C3b compliment protein binds to antibody-antigen complex which optimises the cell which encounters phagocytes which bind and engulf the cell by phagocytosis
Antibody dependent cell mediated cytotoxicity (ADCC) where natural killer cells bind and release toxic granules which form pores in the cell, enzymes enter and destroy the cell by apoptosis
What is type V hypersensitive response?
The same as type II, except, instead of destroying the cell the function is just lost which is known as antibody mediated dysfunction
What is the process during type V that differs from type II?
1) Antibodies bind to antigen on the cell
2) Blocks binding of other things and effects the function of the cell, or may activate the receptors
What are the two types of antigens involved in hypersensitive responses?
Intrinsic (normally made by the host)
Extrinsic (antigen from infection)
What are key differences between type II and III?
During type III antigens bind to soluble antigens and not cells
During type III compliment system is used in large amounts not small
In type III clinical systems correspond to where the immune system complexes are deposited and not where they are made
What is the process of a type III hypersensitive response?
1) Self reactive cells escape
2) B cells switch from making IgM to IgG antibodies
3) Antibodies bind to soluble antigens (different from type II not cell surfaces)
4) Creates a small complex which is less immunogenetic (macrophages are not as attracted and not removed from the blood as quickly)
5) Complex flows around in blood and makes their way into basement membranes of blood vessels, becoming ionically attracted due to being positively charged while the basement membranes are negatively charged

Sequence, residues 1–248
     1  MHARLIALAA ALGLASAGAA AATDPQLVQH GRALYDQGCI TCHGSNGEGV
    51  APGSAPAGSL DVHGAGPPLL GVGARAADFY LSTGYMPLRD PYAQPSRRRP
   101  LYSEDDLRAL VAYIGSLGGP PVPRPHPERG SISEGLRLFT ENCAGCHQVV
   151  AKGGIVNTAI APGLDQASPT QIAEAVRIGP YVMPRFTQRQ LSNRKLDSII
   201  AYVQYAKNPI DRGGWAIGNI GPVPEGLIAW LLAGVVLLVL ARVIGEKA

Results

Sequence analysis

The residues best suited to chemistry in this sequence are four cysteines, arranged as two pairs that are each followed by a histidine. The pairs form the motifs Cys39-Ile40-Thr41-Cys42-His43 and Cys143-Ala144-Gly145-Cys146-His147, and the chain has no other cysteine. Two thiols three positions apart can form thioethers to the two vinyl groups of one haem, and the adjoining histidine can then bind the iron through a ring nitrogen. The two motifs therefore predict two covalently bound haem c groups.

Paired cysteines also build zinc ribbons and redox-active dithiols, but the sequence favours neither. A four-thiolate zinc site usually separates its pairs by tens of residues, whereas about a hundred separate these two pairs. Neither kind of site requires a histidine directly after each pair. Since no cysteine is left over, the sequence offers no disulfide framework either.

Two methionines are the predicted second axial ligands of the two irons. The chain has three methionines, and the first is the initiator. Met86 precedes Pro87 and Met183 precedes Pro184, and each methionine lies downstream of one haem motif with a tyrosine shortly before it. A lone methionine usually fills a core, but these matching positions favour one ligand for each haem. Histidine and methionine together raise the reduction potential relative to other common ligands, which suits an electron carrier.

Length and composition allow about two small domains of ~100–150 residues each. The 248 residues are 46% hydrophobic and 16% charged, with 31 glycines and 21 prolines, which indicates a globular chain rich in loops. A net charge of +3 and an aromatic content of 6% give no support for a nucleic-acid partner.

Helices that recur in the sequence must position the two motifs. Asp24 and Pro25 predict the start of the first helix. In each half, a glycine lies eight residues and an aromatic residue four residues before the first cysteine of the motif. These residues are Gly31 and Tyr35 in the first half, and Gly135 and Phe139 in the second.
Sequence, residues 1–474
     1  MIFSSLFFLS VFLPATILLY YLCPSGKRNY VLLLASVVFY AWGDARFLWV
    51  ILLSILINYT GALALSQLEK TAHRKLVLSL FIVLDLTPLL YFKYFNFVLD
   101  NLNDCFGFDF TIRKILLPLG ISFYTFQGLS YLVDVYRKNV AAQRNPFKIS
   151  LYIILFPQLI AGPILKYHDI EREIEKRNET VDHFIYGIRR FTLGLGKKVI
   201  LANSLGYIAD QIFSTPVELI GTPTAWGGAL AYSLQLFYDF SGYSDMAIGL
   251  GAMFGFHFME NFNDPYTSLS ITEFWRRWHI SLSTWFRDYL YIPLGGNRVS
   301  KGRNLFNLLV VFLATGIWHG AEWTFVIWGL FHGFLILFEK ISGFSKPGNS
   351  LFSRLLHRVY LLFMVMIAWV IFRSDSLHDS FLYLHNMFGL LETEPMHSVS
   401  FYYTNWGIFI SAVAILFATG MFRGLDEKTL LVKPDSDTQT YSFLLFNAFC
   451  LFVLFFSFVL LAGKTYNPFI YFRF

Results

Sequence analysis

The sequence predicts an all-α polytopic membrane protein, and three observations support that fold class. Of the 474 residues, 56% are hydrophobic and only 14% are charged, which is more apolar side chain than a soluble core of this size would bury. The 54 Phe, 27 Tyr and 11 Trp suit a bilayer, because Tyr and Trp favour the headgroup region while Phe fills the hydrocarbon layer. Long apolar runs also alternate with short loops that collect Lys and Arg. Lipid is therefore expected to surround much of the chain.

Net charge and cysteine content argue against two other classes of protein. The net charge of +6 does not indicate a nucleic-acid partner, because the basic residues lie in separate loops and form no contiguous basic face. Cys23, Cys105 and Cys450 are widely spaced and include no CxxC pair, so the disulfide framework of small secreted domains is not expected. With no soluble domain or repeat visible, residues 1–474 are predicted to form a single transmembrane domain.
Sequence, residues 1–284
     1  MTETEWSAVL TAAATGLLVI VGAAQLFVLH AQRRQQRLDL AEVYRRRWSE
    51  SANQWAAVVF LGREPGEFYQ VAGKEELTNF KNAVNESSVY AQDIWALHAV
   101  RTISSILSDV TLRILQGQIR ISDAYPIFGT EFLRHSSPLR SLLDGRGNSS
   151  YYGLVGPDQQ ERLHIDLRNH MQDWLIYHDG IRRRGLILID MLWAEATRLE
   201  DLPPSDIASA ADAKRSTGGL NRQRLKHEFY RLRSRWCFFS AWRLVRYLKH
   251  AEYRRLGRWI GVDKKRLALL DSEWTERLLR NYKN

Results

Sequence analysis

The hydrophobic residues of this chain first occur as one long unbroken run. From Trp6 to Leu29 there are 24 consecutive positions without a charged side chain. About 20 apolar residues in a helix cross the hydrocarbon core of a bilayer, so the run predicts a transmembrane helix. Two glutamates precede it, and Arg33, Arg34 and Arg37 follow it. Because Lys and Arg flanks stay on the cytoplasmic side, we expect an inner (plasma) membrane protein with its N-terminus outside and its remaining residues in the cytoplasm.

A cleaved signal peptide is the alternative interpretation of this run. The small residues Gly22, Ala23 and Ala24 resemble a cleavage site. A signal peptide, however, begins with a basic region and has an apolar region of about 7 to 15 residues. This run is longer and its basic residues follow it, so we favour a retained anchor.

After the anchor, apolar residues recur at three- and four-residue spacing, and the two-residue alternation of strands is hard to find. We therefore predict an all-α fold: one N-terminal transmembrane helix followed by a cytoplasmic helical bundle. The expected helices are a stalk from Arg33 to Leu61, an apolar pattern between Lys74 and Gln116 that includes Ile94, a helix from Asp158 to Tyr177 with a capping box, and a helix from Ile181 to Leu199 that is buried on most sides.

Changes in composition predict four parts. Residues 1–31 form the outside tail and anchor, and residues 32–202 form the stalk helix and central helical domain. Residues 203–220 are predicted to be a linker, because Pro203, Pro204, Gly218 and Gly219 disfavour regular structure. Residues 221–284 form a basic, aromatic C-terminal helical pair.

6) Compliment system is activated (different from type II as used in large amounts instead of small)
7) Causes the same effects as type II such as neutrophils being recruited
8) Degranulation causes inflammation and tissue necrosis
What is the process of type IV hypersensitivity?
1) Dendritic cell presents antigen at lymph node using MHC II receptor
2) T helper cell binds using MHC II receptor
3) Dendritic cell releases cytokines, causing the helper T cell to mature into a TH1 cell
4) TH1 cell releases IL-2 (causes differentiation of more T cells) and IFNgamma (activates phagocytes like macrophages and creates more TH1 cells
5) Activated macrophages produce proinflammatory cytokines causing leaky epithelial barriers allowing more immune cells into the area
6) Leading to local swelling, redness and systematic symptoms like fever
7) Macrophages release enzymes which damages tissue
8) Original naive T cell could have also differentiated into TH17 cells due to different cytokines from the dendritic cells which secreates cytokines (IL-17) which recruits lots of neutrophils
What is another way that cells are killed during type IV hypersensitivity (T cells)?
1) MHC I receptors are present on all nucleated cells which presents antigens from inside the cell
2) T cell receptor (TCR) binds to MHC I receptor on the cell
3) Releases granzymes which form pores that allow the granzymes to enter the cell, inducing apoptosis
Which of the hypersensitive responses is a delayed type of reaction?
What are common type IV immunological diseases?
Type 1 diabetes
What do autoimmune diseases seem to be due to a combination of?
Genetic background and the environment